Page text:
# Was Genesis 41:49 literally true?

Genesis 41:49

Joseph stored up huge quantities of grain, like the sand of the sea; it was so much that he stopped keeping records because it was beyond measure.

Did they have trouble recording the amount under the Egyptian numeral system? Did they run into technical accounting problems?

• I find it hard - no, impossible - to believe that Joseph was counting grains at all! I know they don't at Walmart. Surely Joseph would be weighing, not counting. Perhaps there is a translation issue? – Ruminator Feb 20 at 21:19

Was Genesis 41:49 literally true?

It was both literally and metaphorically true. Let me explain.

Genesis 41:49 Joseph stored up huge quantities of grain, like the sand of the sea; it was so much that he stopped keeping records because it was beyond measure

Interestingly, even the English word "grain" can be used in two senses: countable and uncountable,

Metaphorically, it was like the sand of the sea. How could they count the number of grains of the sand of the sea? They couldn't. It was uncountable in the linguistic sense, not in the mathematical sense.

Literally, there was so much harvested collection that Joseph stopped bothering counting it. After a certain big big number, there was no more point in further counting it.

Did they run into technical accounting problems?

Yes, large numbers are rather unwieldy in the ancient number systems.

The following was inspired by HoldToTheRod's answer:

Enter 3999999.

It outputs: M̅M̅M̅C̅M̅X̅C̅I̅̅X̅CMXCIX

Enter 4000000.

It outputs: Must be less than 4,000,000

• Lol that's awesome. I actually had to edit my post because the first time I made a typo on the roman numerals for such a big number. Which i suppose is entirely consistent with the answers we gave =) – Hold To The Rod Feb 20 at 21:11
• Glad to see you here. – Tony Chan Feb 20 at 21:27
• Using Roman numerals is anachronistic. Egyptian number system surprisingly has a hieroglyphic symbol for a million ! At any rate, it's not much larger either. – GratefulDisciple Feb 20 at 21:31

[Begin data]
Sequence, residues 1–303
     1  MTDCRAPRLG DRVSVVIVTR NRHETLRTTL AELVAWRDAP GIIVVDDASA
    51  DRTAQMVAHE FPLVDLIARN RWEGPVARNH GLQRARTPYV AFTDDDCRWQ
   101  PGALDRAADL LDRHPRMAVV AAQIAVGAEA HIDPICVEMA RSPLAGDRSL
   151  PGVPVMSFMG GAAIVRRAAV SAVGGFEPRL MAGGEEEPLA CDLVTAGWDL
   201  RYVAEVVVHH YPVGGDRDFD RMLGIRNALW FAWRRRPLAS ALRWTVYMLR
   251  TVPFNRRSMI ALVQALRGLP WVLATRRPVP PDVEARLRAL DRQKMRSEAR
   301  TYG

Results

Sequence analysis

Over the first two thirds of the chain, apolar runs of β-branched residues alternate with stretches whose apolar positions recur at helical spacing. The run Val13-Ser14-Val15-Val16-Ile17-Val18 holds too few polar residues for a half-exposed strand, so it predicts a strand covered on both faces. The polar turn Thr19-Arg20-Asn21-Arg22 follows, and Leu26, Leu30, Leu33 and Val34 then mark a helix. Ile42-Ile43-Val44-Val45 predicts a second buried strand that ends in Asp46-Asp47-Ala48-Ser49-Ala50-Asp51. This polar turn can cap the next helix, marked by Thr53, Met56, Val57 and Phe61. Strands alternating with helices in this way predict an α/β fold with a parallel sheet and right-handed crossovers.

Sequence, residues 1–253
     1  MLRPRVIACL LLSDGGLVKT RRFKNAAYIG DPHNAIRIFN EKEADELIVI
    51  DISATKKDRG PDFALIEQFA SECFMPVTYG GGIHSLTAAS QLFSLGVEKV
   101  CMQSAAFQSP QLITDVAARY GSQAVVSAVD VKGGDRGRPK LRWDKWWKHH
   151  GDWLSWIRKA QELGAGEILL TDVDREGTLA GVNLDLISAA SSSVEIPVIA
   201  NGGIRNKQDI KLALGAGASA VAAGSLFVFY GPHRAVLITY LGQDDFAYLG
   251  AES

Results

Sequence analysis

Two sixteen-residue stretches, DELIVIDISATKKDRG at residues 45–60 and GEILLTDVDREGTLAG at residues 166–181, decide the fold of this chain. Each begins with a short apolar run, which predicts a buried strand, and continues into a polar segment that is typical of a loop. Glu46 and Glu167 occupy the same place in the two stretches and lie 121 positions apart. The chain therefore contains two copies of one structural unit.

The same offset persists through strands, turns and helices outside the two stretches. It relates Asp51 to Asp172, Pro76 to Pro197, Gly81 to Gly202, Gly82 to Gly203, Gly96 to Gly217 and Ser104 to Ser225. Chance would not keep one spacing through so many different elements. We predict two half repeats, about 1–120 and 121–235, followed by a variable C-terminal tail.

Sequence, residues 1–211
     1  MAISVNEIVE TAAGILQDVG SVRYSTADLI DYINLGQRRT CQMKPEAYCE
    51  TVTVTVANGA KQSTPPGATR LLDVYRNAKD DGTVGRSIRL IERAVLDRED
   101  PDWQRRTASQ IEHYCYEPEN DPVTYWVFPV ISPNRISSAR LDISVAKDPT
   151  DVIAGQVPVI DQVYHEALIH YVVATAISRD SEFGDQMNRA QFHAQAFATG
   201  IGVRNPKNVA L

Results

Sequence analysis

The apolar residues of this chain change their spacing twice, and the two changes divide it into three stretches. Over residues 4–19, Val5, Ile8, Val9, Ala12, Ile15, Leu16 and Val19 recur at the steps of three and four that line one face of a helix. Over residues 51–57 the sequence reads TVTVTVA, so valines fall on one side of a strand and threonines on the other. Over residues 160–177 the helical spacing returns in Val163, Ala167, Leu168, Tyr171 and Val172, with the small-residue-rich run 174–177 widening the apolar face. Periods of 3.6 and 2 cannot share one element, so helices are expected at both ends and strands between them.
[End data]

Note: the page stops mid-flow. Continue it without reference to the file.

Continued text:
• Yes, the Eqyptian system seems to be better than the Romans. That's surprising. – Tony Chan Feb 20 at 21:38

Pyramids yes, 0’s no

Ancient Egypt’s mathematical system did not have a “0”. 0 didn’t really solidify its place in mathematics until the 5th century (see here)

This may seem a small issue until we consider the tremendous value of a placeholder in counting. To convey 4988 in Arabic numerals you need only 4 characters, and it takes but a split second to decipher the meaning of this number. Compare to Roman numerals, where “4988” is conveyed MMMCMLXXXVIII. That’s 13 characters!!! (and most of us can’t look at that jumble of letters and immediately recognize it for what it means).

In a mathematical system without a 0, large numbers are incredibly unwieldy. When ancient authors speak of something “without number”, in cultural context they are speaking not of infinity in the strictest mathematical sense, but pointing out that they have no efficient mathematical way to describe it.

How to trigger your Computer Science teacher

Even today with computers we run into large number problems. Some computer languages are only designed to handle integers up to 2^32; this doesn’t mean there’s no such larger number; it just means the computer hasn’t been told how to process it. So naturally, as a computer science student, I plugged in a bigger number to see what happened….

Metaphors

One of the most common means of conveying an idea that is difficult to describe is via metaphor. The Bible uses metaphors a number of times to describe really large numbers (as the sands of the sea or as the stars of the heaven are some popular examples), including in the passage cited in the OP. This isn’t a mathematically precise statement, it’s an acknowledgement that it is a really big number.

We’re not all that different today; we use metaphors when something is difficult to describe. Think of all the metaphors used in love notes. Does anybody really intend to call their significant other a sticky substance made by insects? (honey)

Conclusion

They didn’t have a good way to mathematically reckon the amount of grain that had been gathered. In that sense it was without measure, and the most practical way to describe it was via metaphor.